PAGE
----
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The market for organic food in this country is likely to treble in the next four years, according to a report from business chamber Assocham and TechSci Research, a non-government body.

source

  • What is organic farming?
  • Need for organic farming in India
  • Key characteristics of organic farming
  • Steps taken by the Government to promote organic farming in India
  • Key features of PKVY
  • Status of Organic farming in India
  • Why demand for organic products are increasing in recent years?
  • Challenges and constraints faced by Organic farming in India

What is organic farming?

Organic farming system in India is not new and is being followed from ancient time.

It is a method of farming system which primarily aimed at cultivating the land and raising crops in such a way, as to keep the soil alive and in good health by use of organic wastes (crop, animal and farm wastes, aquatic wastes) and other biological materials along with beneficial microbes (biofertilizers) to release nutrients to crops for increased sustainable production in an eco friendly pollution free environment.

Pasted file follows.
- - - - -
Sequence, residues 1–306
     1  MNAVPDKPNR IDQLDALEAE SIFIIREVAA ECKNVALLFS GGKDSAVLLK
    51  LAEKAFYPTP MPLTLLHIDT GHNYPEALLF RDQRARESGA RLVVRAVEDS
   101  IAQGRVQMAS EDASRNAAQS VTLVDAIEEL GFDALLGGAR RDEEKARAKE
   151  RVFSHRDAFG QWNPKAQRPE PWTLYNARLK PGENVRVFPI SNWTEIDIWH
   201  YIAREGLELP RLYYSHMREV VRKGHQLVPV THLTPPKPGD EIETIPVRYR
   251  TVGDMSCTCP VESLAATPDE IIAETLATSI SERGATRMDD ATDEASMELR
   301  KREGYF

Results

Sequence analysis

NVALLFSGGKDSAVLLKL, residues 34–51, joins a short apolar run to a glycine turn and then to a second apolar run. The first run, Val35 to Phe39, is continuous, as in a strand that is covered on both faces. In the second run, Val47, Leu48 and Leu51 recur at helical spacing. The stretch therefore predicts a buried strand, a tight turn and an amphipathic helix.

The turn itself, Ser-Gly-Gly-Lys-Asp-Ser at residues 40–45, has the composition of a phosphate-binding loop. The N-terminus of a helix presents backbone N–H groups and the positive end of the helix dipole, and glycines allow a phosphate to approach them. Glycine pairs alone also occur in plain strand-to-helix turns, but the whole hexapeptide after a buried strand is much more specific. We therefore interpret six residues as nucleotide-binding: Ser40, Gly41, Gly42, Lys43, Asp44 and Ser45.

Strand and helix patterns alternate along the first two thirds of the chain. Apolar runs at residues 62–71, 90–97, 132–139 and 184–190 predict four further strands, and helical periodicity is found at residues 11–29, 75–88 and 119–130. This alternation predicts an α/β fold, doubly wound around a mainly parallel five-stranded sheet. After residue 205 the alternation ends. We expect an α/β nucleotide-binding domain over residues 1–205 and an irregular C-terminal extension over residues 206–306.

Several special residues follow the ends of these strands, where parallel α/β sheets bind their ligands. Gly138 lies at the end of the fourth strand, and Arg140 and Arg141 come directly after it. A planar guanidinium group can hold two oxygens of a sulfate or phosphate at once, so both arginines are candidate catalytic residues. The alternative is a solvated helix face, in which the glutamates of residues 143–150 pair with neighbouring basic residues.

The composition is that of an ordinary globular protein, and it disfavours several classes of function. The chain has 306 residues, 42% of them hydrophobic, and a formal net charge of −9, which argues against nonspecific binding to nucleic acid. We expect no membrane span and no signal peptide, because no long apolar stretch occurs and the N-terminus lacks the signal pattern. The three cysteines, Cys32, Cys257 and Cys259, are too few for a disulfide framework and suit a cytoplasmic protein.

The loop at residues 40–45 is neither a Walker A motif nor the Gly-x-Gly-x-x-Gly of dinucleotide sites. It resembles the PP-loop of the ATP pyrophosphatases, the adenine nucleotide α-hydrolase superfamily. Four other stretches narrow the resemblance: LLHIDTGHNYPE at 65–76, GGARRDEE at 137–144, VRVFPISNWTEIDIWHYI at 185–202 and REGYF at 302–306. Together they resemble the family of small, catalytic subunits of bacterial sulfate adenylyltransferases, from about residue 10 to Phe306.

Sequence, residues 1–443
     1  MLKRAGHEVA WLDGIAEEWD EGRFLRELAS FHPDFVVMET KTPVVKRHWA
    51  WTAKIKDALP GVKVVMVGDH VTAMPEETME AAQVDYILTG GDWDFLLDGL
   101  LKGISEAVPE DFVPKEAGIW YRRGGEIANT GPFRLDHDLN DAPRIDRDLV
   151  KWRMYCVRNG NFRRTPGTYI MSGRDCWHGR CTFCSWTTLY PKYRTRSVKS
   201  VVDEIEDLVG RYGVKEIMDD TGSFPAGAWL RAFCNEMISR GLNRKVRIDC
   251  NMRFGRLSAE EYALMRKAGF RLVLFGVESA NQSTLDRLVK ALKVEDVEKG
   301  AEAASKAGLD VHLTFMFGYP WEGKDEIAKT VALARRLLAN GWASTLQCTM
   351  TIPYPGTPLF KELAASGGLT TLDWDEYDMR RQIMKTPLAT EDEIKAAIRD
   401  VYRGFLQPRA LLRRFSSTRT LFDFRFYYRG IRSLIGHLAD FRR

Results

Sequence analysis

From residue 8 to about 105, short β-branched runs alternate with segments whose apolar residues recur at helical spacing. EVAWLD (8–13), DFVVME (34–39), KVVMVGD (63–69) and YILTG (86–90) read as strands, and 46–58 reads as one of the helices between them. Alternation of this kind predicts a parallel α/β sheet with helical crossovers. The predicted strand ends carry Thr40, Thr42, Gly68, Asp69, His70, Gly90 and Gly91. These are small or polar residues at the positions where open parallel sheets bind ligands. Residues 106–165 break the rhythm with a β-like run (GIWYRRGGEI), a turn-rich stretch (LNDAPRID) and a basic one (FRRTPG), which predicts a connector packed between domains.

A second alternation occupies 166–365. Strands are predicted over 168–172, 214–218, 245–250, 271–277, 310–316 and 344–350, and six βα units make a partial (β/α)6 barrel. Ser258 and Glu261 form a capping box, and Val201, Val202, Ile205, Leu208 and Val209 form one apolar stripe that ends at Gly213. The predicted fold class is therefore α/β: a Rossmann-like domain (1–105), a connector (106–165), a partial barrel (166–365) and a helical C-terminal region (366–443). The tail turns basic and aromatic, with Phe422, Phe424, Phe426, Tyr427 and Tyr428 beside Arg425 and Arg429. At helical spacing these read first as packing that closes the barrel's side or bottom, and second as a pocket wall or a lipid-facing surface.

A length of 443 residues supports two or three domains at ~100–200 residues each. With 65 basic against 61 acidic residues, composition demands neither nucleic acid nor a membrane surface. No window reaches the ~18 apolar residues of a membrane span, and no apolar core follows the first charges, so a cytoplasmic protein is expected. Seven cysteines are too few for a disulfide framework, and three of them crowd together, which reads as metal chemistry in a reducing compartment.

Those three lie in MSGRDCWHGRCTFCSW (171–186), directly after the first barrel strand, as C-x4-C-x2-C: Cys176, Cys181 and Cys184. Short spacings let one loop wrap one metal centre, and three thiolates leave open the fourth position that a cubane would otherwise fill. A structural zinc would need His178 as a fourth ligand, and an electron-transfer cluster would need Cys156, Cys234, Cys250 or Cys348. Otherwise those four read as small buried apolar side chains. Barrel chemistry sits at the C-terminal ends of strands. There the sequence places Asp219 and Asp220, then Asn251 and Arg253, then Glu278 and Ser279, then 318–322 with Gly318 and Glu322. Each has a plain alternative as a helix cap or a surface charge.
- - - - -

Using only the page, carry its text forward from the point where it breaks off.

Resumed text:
Need for organic farming in India

With the increase in population our compulsion would be not only to stabilize agricultural production but to increase it further in sustainable manner.

The scientists have realized that the ‘Green Revolution’ with high input use has reached a plateau and is now sustained with diminishing return of falling dividends.

Thus, a natural balance needs to be maintained at all cost for existence of life and property. The obvious choice for that would be more relevant in the present era, when these agrochemicals which are produced from fossil fuel and are not renewable and are diminishing in availability. It may also cost heavily on our foreign exchange in future.

The key characteristics of organic farming include

  • Protecting the long term fertility of soils by maintaining organic matter levels, encouraging soil biological activity, and careful mechanical intervention
  • Providing crop nutrients indirectly using relatively insoluble nutrient sources which are made available to the plant by the action of soil micro-organisms